European software patents inch closer

A committee vote on changes to the European approach to software patents brings the proposal one step closer to law. The result could have a dramatic impact on software innovation, critics argue
Written by Matthew Broersma, Contributor
Controversial changes to the European Union's software patent regime have moved a step closer to legislation with a vote by the European Parliament's Committee on Legal Affairs and the Internal Market (Juri) on Tuesday. Juri voted to approve a series of amendments to a proposed directive on the patentability of computer-implemented inventions, which aims to eliminate ambiguity in the way software-related patents are handled, and differences in the way EU member states interpret individual patents. The European Commission, the EU's executive arm, introduced the proposal with the argument that companies with patentable inventions currently do not seek software-related patents because the system is ambiguous and inconsistent across Europe. However, the proposal has been bitterly criticised by many software developers and scientists, who argue that the directive would expose smaller developers to a barrage of frivolous lawsuits from large patent-holding rivals -- a situation that already exists in the US. The proposal had already passed through two other committees, who suggested many of the amendments considered on Tuesday. The Juri vote means it can pass through to the full parliament this autumn. If ultimately approved as an EU directive, all EU member states would need to implement the legislation at a national level, although more changes could be made before final approval. Arlene McCarthy, the MEP for the North-West of England, who shepherded the proposal through parliament, argues that the directive is necessary to help European businesses compete in the global marketplace. In a piece published last week in The Guardian, McCarthy argued that the system should not drift towards a US model, but also said that software companies should be offered a similar level of patent protection here as in the US or Japan. "If we fail to offer European industry the possibility of patent protection, we will hand over our inventiveness and creativity to (overseas) big businesses, who can cherry-pick ideas and patent them," she wrote. "It is time some of the 'computer rights campaigners' got real." Critics argued that the Juri vote tossed out the suggested amendments from the Committee on Culture, Youth, Education, the Media and Sport (Cult) and the Committee on Industry, External Trade, Research and Energy (Itre) that would have placed clear limits upon what types of software inventions could be patented. "McCarthy and her followers rejected all amendment proposals that limit patentability while supporting all those which go even beyond the European Commission's proposal," said the Foundation for a Free Information Infrastructure (FFII), a Germany-based pressure group, in a statement. The FFII published statements condemning the vote by technologists from several major companies and organisations, including Hakon Wium Lie, chief technology officer of Opera, Dr. Bernhard Runge, senior developer at SAP, Bernhard Kaindl of SuSE Linux and Richard Clark, chief executive of Elysium and chief editor for the JPEG standardisation committee. When can software be patented?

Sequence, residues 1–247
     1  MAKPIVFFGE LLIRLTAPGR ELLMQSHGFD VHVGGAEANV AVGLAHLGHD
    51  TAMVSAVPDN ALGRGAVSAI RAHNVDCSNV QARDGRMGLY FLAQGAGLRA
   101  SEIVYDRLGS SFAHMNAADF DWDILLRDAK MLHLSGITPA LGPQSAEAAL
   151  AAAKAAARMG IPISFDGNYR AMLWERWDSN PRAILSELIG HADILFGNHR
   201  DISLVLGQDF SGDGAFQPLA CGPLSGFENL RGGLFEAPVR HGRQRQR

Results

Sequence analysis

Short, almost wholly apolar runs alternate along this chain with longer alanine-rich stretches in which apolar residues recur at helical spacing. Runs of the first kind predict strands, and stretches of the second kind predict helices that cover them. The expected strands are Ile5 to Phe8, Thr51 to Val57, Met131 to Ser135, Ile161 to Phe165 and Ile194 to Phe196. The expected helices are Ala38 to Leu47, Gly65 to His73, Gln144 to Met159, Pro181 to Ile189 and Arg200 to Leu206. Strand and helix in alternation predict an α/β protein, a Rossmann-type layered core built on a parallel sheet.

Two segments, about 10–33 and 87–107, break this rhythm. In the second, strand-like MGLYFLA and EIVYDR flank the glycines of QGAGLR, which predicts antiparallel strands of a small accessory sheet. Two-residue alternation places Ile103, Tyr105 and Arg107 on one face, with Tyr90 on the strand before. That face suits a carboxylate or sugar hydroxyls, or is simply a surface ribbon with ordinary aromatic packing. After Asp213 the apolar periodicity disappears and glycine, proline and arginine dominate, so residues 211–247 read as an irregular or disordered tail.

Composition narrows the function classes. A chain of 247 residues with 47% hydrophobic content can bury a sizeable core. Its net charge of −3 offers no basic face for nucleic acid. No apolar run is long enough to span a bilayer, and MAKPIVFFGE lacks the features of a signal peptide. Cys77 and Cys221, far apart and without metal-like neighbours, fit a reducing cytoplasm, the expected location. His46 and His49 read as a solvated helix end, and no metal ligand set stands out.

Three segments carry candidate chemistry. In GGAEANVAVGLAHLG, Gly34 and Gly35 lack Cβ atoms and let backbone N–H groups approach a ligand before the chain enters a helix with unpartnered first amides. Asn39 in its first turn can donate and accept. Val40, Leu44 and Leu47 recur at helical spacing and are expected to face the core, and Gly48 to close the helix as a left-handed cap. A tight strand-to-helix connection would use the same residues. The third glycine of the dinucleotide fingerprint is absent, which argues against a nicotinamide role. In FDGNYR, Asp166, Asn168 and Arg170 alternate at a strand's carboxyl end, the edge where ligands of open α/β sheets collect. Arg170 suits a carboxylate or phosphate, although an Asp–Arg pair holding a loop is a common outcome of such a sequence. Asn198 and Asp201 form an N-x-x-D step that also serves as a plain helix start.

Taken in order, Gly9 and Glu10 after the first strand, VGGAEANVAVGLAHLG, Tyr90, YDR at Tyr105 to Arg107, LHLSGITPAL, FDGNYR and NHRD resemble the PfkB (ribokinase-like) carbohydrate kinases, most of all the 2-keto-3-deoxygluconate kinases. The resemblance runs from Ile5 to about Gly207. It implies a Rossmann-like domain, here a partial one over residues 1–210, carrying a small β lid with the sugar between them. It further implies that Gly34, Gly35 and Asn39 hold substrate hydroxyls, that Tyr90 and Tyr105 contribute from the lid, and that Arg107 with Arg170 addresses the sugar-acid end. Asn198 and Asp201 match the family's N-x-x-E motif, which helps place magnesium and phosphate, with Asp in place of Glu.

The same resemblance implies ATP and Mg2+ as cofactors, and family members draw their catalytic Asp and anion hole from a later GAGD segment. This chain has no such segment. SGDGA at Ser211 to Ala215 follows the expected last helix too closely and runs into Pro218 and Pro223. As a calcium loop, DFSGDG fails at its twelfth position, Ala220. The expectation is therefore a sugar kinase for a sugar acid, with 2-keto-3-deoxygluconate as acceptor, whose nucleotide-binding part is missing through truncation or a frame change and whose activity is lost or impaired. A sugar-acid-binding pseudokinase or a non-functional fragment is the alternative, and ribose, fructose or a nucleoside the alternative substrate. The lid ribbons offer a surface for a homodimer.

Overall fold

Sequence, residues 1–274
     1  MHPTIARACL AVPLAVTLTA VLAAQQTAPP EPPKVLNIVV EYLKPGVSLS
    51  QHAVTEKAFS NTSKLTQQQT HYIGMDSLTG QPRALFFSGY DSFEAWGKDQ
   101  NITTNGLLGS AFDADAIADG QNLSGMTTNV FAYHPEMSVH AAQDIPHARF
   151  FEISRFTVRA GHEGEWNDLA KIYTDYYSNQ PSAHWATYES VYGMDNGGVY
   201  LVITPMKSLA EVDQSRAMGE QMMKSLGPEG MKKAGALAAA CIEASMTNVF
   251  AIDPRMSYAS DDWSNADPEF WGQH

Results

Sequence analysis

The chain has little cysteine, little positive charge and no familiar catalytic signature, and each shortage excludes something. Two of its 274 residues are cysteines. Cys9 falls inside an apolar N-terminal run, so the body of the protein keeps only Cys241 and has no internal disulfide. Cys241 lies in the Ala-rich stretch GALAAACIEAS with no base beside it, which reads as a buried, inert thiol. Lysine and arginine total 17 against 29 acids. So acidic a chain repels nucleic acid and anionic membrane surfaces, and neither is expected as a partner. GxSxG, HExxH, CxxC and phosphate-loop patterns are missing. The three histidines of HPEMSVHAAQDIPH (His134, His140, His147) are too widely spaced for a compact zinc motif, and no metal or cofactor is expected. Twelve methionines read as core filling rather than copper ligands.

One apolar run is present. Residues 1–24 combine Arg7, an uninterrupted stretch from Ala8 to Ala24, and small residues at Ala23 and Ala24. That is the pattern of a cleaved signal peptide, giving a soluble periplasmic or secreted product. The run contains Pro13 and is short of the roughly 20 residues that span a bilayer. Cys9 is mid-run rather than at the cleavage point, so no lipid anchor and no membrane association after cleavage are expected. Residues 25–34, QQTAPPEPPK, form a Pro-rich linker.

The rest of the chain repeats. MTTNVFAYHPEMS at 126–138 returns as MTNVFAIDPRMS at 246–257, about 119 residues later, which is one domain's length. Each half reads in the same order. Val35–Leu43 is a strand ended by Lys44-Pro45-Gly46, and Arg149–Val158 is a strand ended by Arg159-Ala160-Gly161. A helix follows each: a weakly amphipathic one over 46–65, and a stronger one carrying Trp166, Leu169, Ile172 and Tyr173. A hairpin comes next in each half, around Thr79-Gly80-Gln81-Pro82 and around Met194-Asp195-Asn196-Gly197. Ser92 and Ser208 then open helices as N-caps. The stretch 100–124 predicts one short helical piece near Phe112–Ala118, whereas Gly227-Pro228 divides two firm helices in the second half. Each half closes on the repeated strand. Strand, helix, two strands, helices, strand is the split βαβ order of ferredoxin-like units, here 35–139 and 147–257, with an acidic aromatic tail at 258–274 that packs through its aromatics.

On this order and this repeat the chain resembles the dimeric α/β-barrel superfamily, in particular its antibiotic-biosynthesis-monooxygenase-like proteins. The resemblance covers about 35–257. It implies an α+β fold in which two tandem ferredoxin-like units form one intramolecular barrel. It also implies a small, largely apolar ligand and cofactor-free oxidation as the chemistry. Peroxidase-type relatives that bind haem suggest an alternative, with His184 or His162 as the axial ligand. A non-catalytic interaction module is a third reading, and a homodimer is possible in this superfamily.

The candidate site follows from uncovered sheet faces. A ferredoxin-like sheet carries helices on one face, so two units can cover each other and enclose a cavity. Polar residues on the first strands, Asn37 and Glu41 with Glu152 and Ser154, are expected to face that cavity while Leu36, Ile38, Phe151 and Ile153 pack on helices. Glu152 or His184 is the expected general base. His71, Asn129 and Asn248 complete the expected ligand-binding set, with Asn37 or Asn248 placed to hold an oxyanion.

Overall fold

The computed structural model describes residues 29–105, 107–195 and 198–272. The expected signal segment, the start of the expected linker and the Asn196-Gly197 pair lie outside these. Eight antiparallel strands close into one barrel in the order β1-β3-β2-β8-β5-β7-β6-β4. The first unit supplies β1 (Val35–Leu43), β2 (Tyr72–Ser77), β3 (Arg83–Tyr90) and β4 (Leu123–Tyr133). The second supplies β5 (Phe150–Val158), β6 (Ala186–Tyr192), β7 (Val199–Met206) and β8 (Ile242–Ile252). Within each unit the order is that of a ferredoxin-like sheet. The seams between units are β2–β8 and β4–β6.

According to EU law, software programs as such cannot be patented, but inventions that involve software can be patented if they represent an invention in a technological field. Some factions had sought to clearly limit what kinds of software-related inventions could be patented; Cult, for example, proposed an amendment to the proposal stating that "data processing is not a field of technology", removing it from consideration for patenting, while defining technology as "controlling forces of nature to achieve a physical effect". At the opposite extreme, it would be possible to interpret the fact that a program is running on a computer as meeting the definition of a technical invention, which would essentially mean that any software could be patented, according to the arguments of many software developers. Those rallying against software patents, including a group of high-ranking scientists around the EU who published a recent petition, and the 148,000 people who have so far signed a similar petition organised by the EuroLinux Alliance, fear that an increasing number of software-related patents will increase the sway of large patent-holding companies over small software developers. The petitioning scientists argued that software patents "would be not only useless, but also extremely harmful, because they would cast in concrete the powerful oligopolies that naturally emerge in information-based industries." Such a system already exists in the US, where the patent office has a liberal patent-granting policy, and to a large extent leaves the court system to determine whether patents are enforceable, according to legal experts. Since smaller companies usually do not have the funds to fight against patent claims in court, they tend to pay royalties instead, experts said. Recent patent controversies in the US have centred on Web site cookies, online ads and Web site navigation. Richard Stallman in a speech last year said the logic behind the US software patents regime would have forced Beethoven to pay Mozart for the right to create a new symphony. Richard Clark, chief editor for the JPEG standardisation committee, which recently faced a patent claim which would have imposed royalty fees on almost every digital imaging device, said the proposal as it stands would worsen the patent situation for standards makers. "The members of the JPEG committee have spent years fighting off frivolous patent claims that have partially succeded in destroying our standardisation efforts. With the new regulation proposed by JURI, we are in for even more trouble," he said in a statement.